We have shown that although there is a statistically significant positive linear correlation between body height and optimal depth of insertion of left-sided double-lumen tubes in adult patients of short stature, it is not clinically applicable due to the wide inter-individual variations.
The relationship between body height and the optimal depth of insertion in adult patients has been studied previously. However, only two studies include more than 100 patients. Brodsky and colleagues  found a statistically significant linear relationship between body height and optimal depth in 101 adult patients with heights ranging from 136 to 194 cm. Only 12 (12%) of those patients were shorter than 155 cm. Dyer and colleagues  could also demonstrate a statistically significant relationship between body height and optimal depth of insertion in 140 adult patients (body height 144-186 cm). Their study only included 19 patients (14%) ≤ 155 cm. Thus, although a statistically significant linear correlation between body height and the optimal depth of insertion has been demonstrated previously in adult patients, this has not been adequately shown for patients of short stature. In our 196 consecutive patients with a body height ≤ 155 cm, there was a statistically significant positive linear correlation between body height and the optimal depth of insertion. However, the actual optimal depth of insertion ranged from 20 to 32 cm. In addition, the actual optimal depth of insertion of one patient was even 4.5 cm shorter than the value calculated from the obtained equation. These findings indicate that clinical application of the optimal depth of insertion of a left-sided double-lumen tube from linear regression analysis is not safe.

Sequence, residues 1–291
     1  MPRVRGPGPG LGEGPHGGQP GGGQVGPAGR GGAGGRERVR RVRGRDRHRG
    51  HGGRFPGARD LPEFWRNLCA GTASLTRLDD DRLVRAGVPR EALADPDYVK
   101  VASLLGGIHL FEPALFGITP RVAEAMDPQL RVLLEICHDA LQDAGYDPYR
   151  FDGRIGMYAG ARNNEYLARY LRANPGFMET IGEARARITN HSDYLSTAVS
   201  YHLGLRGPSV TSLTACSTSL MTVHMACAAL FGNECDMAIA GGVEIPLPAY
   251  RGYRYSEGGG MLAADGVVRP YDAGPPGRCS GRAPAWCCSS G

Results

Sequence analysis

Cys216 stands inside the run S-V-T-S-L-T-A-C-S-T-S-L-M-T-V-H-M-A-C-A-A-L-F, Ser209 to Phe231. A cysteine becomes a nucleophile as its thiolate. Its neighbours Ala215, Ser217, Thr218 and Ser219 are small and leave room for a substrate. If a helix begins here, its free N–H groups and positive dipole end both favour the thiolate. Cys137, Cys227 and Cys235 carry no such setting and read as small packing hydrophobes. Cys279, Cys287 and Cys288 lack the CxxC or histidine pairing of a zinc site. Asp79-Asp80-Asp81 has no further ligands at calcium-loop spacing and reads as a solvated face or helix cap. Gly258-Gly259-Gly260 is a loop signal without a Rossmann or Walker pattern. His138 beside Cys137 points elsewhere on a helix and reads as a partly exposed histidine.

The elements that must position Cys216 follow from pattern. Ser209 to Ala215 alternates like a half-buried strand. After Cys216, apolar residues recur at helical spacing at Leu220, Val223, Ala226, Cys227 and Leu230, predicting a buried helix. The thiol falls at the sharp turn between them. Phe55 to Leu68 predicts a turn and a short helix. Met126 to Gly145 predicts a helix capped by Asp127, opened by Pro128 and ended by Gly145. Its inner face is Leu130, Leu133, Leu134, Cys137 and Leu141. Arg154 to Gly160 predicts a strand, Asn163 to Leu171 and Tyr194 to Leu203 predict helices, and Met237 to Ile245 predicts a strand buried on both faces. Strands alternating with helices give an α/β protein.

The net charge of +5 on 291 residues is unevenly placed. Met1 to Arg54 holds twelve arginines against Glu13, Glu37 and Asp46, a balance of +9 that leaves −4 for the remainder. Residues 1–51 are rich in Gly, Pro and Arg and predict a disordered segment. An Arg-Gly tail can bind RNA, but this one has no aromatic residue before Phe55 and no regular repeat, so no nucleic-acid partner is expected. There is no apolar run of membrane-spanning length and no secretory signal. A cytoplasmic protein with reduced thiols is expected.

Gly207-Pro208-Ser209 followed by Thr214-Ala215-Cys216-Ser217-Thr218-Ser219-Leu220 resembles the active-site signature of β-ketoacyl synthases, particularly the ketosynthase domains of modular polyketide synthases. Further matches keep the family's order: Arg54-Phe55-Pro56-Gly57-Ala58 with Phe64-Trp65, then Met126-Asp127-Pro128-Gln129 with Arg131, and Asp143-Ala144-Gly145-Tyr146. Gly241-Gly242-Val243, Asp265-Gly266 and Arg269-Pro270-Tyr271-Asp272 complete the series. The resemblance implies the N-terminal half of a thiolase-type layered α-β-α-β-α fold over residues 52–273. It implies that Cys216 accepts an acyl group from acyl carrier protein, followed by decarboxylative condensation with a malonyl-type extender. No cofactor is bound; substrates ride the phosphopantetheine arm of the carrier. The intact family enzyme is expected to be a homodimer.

There are two methods of intubation with a double lumen tube using fibre-optic bronchosocpy. The first method involves inserting the tube until slight resistance is encountered, after which a bronchoscope is inserted into the tracheal lumen to guide the bronchial cuff to a position just distal to the carina. However, this method can cause bronchial rupture after blind insertion of the tube in patients with unexpectedly short tracheas [6,9,10]. Another method involves placing the tip of the tube into the trachea and then passing the bronchoscope through the bronchial lumen. The carina is detected and the bronchoscope advanced into the left main-stem bronchus. With the bronchoscope as a stylet, the tube is then advanced into the left main-stem bronchus, making sure that it does not occlude the upper lobe bronchus . Our results indicate that a double lumen tube should not be blindly inserted more than 20 cm in patients ≤ 155 cm in height and, thus, this latter technique of insertion is advocated. Using a bronchoscope after the tip of the tube passes the larynx to guide it to the optimal position is the safest method for avoiding complications related to insertion and it shortens the time taken to place the tube in optimal position .
We conclude that although there is a statistically significant positive correlation between body height and the optimal depth of insertion of a left-sided double-lumen tube in below average-sized adult patients, clinical application of the obtained equation cannot be recommended. These tubes should be inserted under direct vision using a fibre-optic bronchoscope.